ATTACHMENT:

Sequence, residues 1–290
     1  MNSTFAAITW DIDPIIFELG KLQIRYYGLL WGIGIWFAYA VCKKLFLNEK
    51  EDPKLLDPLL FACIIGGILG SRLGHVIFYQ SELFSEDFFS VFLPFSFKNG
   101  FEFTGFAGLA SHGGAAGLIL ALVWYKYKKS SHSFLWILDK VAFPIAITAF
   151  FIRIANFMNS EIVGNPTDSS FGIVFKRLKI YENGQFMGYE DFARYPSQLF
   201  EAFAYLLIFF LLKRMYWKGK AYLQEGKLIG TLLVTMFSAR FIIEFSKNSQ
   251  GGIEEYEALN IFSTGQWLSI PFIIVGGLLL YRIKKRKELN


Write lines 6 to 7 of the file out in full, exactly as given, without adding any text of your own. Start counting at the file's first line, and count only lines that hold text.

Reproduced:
   201  EAFAYLLIFF LLKRMYWKGK AYLQEGKLIG TLLVTMFSAR FIIEFSKNSQ
   251  GGIEEYEALN IFSTGQWLSI PFIIVGGLLL YRIKKRKELN